First off, be sure to check out my NPR.com piece on Joe Cuba’s musical legacy since there’s five other songs to take a listen to there.
Joe Cuba will forever – and rightfully – be associated as one of the pioneering forefathers of Latin boogaloo. With the remarkable success of his “Bang Bang” in 1966, Cuba helped usher in the incandescent popularity of the boogaloo style in New York’s Latin scene first, then watched it go worldwide as the boogaloo caught on with the greater Afro-Cuban community.
Notably though, Cuba was unusually modest in his total amount of boogaloo recordings – really just two albums worth between Bang! Bang! Push! Push! Push! and My Man Speedy. This stands in contrast to someone like Pete Rodriguez, another one of the main people in the scene, who recorded at least four-five boogaloo albums during the style’s 1966-68 reign in NYC. I don’t really know why Cuba wasn’t recording more, especially since he could capitalize on the immense success of “Bang Bang” (or perhaps that single’s success allowed him to be more laid back than his peers).
This is all the more significant in noting how Cuba’s pre and post-boogaloo careers were far more prolific yet their respective legacies are less recognized. Cuba formed his first band in the mid-1950s, when New York was still in the throes of the mambo era and the slower cha-cha-cha was also coming into vogue. Cuba’s albums of the Mardi Gras imprint – which I personally haven’t heard – seemingly focused heavily on cha-cha-chas (which may explain his comfort with adapting those rhythms into boogaloo a decade later) but by the time he signed with Seeco in the early 1960s, he was also working with the then-popular pachanga style as well as early Latin soul boleros, the best known being “To Be With You,” originally written by former Cuba bandmate Willie Torres but sung on Cuba’s Steppin’ Out album by one of his two main vocal partners, Jimmy Sabater.
I actually didn’t discover Cuba’s Seeco output until the last year or so despite having been quite familiar with his boogaloo albums for many years.
Those early ’60s albums of his were a small revelation in showcasing how deep Cuba’s career ran and how capable he was as a Latin bandleader. It certainly helped that Cuba’s Sextet was one of the best small bands in the business, blessed with serious songwriting talent in the form of Jose “Cheo” Feliciano, Nick Jiminez, Jimmy Sabater, Willie Torres and others. It also helped that all three of his Seeco album were produced by Joe Cain, one of the best Latin producers in the game.
This post highlights songs from that period, starting with “A La Seis,” a fun, catchy little pachanga from Steppin’ Out, Cuba’s first album on Seeco. I don’t know a ton about pachangas…except that I’ve yet to find one I didn’t like. It was a huge hit in the New York Latin scene in the late 1950s through early ’60s; it’s hard to find many Latin albums of that era without a few pachangas and on Steppin’ Out, Cuba balances the album with an equal number of mambos, pachangas, cha-cha-chas and boleros.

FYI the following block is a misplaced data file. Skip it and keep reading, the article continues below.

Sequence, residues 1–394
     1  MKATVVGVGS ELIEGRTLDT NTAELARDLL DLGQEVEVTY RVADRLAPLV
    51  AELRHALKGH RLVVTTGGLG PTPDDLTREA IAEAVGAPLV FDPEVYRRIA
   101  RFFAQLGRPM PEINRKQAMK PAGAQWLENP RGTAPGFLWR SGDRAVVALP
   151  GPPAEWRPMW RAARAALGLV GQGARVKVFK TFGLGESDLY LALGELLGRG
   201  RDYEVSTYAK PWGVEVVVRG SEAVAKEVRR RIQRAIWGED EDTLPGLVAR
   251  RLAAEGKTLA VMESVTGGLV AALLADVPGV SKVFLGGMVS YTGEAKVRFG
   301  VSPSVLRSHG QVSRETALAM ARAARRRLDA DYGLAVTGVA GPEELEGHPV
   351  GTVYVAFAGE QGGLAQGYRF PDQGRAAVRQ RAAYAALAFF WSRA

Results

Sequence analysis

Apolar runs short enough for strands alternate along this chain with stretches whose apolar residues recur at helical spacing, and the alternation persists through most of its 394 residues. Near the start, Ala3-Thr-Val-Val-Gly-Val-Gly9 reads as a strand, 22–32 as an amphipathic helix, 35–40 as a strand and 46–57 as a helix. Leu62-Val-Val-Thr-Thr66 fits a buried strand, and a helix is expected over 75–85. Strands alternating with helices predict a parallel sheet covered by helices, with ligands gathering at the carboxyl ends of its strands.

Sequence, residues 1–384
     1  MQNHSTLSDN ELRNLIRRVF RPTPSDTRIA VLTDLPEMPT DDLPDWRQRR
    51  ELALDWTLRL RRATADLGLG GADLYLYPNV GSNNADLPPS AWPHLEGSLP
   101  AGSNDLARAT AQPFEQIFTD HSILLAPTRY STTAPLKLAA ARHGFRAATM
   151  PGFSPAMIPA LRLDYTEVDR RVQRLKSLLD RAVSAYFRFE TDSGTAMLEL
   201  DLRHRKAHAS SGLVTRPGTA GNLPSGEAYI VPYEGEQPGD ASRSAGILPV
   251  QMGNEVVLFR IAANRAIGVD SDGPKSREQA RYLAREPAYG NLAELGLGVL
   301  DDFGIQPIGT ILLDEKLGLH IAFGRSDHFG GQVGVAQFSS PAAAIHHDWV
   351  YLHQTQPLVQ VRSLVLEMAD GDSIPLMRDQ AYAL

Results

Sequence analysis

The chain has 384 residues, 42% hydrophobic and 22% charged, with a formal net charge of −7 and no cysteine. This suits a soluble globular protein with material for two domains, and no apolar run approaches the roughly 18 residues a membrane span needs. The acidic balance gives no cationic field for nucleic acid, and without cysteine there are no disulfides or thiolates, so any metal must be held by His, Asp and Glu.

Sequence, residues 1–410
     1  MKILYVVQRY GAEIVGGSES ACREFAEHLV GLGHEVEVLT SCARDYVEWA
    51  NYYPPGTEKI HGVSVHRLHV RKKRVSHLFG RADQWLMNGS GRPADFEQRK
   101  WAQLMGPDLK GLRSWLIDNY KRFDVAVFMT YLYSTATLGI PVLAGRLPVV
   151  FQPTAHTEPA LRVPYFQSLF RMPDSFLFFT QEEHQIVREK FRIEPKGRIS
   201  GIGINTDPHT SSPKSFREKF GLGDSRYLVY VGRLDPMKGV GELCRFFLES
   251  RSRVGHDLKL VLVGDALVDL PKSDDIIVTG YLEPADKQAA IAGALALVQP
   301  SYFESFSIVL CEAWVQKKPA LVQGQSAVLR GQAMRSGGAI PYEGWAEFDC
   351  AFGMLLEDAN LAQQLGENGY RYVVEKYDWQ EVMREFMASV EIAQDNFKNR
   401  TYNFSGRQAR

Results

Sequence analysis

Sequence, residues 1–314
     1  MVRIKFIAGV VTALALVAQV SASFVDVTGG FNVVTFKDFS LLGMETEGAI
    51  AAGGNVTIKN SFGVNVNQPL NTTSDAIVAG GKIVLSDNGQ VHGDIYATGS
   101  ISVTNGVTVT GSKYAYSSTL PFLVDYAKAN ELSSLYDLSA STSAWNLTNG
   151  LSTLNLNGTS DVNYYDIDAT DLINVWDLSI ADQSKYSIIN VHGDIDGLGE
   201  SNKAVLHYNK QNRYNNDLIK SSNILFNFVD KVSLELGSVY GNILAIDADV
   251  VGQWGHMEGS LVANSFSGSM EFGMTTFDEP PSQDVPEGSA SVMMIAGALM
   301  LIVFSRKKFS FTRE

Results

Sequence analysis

On that note, I had to also post “To Be With You,” which would become Jimmy Sabater’s signature song throughout his career (including up through his disco era). You can hear how Latin soul got its origins – the subtle blend of Afro-Cuban instrumentation with vocals that wouldn’t have been out of place on a Jimmy Hartman or Sinatra LP.
“Siempre Sea” is from Cuba’s second Seeco album, Diggin’ the Most and right with how the song opens with what sounds like a I-IV-V progression, you can already make the linkages between this mambo and the future boogaloo sound. What makes that even more striking is the fantastic use of call-and-response on the song here (another staple of the boogaloo sound).
Lastly, we come to Comin’ At You, the best of Cuba’s Seeco albums by far (in my opinion). I’m not sure if it’s just luck of the draw or if Cain and Cuba just hit a real stride here but song-for-song, Comin’ At You is a monster, with some of Cuba’s best guaguancos (“Pancho Foo” and “Tremendo Coco”), mambos (“So What?”) and cha chas (“Stuff ‘N Things”). I was seriously torn as to what to pick off of here and so I just went with two favorites: another pachanga – “Chichon (Juan Ramon)” – and “Tremendo Coco.” As I wrote in my NPR.com piece, the latter song would get remade nearly 10 years later into “Salsa Ahi Na’ Ma'” and since I highlight that song for NPR, I thought I’d give Soul Sides’ listeners a taste of the original. It is quite interesting that even at this early point (1964), Cuba is deploying “salsa” in a musical context even though it’d still be at least half a decade before the salsa movement swept over NYC.
As for “Chicon (Juan Ramon)” there’s more of that call-and-response that I can’t get enough of plus I’m feeling the piano montuno that anchors the song.
In the next installment, I’ll move into Cuba’s years with Tico Records and how the blueprint for boogaloo came together.